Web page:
According to Vitruvius’s “de Architectura” : Good buildings must satisfy three core principles: Firmness, Commodity, and Delight; there ought to be a balance and correlation between these three elements, any one of them not overwhelmed by the other two. Today we address the aesthetic, structural, and functional considerations. However, looked at another way, function itself is seen as encompassing all criteria, including aesthetic, psychological, and cultural ones. Delight, on the other hand, is a very arguable and debatable criterion and whose principle can be easily disputed by critics, a fluid consensus which is subject to an indefinite number of interpretations. [excerpt: Wikipedia]
Making a physical model has been one of the best ways to conceptualise a project, for this we have tested tower configurations, dispositions of key elements of the built form, and also determining levels to the site. Kenny Heights has been a project conceived entirely from the study of built forms through this method.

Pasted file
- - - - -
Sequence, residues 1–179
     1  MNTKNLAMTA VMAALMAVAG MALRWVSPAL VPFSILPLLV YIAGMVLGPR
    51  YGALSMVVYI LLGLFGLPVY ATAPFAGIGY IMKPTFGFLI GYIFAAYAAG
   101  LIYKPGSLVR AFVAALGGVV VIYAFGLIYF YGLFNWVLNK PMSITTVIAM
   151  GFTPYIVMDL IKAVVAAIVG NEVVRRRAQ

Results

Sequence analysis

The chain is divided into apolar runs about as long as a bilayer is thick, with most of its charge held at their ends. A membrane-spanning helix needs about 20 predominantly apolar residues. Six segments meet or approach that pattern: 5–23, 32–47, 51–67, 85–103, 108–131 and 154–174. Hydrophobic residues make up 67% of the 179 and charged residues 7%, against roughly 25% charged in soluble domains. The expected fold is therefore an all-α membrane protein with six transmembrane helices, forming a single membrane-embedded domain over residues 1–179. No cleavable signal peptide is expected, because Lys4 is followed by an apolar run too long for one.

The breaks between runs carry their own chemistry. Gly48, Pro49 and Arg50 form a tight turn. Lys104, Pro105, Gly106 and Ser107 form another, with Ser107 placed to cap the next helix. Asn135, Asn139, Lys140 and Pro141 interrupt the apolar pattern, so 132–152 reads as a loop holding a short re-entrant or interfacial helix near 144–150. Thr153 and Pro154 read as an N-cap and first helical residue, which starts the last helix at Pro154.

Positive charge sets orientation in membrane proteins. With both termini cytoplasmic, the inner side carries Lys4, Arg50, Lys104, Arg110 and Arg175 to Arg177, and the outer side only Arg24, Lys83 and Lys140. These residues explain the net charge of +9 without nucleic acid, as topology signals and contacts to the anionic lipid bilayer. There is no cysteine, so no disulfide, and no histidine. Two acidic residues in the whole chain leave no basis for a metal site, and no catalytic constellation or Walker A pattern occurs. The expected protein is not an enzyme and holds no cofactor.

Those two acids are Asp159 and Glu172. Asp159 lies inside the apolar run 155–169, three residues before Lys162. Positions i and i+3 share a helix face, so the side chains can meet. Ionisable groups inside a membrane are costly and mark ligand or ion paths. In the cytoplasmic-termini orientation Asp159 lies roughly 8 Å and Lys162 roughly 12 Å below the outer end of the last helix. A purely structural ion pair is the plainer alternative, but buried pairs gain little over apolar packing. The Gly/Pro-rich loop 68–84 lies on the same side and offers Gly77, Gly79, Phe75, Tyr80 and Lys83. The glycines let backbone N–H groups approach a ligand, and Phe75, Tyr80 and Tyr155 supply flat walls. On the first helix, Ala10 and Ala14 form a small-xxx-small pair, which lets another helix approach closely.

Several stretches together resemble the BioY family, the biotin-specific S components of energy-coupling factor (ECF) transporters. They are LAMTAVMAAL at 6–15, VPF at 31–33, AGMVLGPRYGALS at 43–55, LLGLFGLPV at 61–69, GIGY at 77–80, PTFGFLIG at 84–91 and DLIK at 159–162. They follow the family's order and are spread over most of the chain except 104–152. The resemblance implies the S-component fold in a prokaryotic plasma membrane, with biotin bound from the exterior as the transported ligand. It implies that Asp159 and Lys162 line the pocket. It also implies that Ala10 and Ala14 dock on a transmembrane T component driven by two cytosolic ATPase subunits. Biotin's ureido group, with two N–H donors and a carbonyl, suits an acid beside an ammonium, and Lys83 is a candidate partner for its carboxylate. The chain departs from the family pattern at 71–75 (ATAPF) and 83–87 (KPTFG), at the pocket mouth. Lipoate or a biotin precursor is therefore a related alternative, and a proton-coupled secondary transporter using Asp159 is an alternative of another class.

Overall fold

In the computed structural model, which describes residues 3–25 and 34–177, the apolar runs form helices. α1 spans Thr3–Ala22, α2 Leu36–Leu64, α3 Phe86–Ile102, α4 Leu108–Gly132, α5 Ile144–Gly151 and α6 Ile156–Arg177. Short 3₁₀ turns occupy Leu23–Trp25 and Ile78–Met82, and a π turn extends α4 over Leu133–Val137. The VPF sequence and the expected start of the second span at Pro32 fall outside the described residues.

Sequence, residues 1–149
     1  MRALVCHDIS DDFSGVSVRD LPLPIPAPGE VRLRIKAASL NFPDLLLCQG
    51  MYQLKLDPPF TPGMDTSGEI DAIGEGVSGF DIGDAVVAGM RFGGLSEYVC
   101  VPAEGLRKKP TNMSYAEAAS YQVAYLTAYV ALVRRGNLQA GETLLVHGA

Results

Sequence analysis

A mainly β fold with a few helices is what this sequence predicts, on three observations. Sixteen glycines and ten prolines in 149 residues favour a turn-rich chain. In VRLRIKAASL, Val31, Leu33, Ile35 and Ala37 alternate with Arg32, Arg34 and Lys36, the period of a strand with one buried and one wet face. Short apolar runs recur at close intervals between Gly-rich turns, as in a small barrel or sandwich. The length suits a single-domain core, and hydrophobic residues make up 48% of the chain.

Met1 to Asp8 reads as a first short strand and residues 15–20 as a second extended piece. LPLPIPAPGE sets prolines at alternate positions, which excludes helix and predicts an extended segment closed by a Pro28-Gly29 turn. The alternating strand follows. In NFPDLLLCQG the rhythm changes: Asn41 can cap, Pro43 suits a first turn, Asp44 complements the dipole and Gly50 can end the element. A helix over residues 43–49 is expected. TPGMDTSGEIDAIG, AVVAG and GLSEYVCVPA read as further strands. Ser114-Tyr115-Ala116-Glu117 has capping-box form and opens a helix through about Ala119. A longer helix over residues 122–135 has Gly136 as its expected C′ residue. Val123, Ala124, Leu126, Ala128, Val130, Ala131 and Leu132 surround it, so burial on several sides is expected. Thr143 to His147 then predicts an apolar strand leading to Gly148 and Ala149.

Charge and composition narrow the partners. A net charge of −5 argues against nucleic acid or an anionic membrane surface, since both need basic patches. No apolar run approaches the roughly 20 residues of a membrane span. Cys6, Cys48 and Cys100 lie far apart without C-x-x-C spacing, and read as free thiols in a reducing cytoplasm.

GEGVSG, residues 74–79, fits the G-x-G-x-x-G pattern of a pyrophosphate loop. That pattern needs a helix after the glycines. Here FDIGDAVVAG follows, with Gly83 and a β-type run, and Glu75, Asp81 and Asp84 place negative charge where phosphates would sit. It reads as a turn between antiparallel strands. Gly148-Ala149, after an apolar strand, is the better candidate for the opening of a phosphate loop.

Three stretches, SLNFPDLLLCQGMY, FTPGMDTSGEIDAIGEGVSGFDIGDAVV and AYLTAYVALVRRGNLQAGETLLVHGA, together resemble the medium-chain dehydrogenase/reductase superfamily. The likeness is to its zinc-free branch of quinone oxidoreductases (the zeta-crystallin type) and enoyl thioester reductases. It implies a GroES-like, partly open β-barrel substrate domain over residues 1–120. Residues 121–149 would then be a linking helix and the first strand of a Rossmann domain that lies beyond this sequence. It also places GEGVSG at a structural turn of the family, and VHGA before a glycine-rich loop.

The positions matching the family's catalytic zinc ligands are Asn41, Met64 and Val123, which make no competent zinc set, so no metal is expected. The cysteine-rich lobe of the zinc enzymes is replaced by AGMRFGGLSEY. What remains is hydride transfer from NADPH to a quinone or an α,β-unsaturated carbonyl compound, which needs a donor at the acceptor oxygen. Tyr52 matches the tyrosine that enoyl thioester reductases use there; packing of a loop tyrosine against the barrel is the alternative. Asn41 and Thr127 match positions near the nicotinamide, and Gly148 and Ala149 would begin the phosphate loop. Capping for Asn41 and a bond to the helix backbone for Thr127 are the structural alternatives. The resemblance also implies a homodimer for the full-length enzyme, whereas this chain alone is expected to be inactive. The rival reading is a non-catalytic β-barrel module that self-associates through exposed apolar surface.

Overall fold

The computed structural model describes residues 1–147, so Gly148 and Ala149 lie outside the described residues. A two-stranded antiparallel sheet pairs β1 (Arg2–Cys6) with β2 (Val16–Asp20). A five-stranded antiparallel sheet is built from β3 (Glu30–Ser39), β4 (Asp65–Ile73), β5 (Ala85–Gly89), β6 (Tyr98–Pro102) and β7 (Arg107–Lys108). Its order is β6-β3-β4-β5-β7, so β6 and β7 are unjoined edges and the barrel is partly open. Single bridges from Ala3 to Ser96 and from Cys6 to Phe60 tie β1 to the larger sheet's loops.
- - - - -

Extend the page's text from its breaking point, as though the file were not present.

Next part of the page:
The BOH Visitor Centre is one of those buildings that seemed totally in sync with the environment, yet it’s construction techniques, of precast piles and steel framework belies its simplicity. A totally open concept, naturally ventilated interiors and perforated walls made of fallen tree trunks make this a unique experience.
Yet there is still a little problem I have to solve in my head, and that is that I think architecture is taking a bit too long to becoming like what good art is, generative and always assuming an emotive role. We have yet to make it possible for us to connect to our buildings as easily as we do with art, or music, or things we adore, like our children or our books.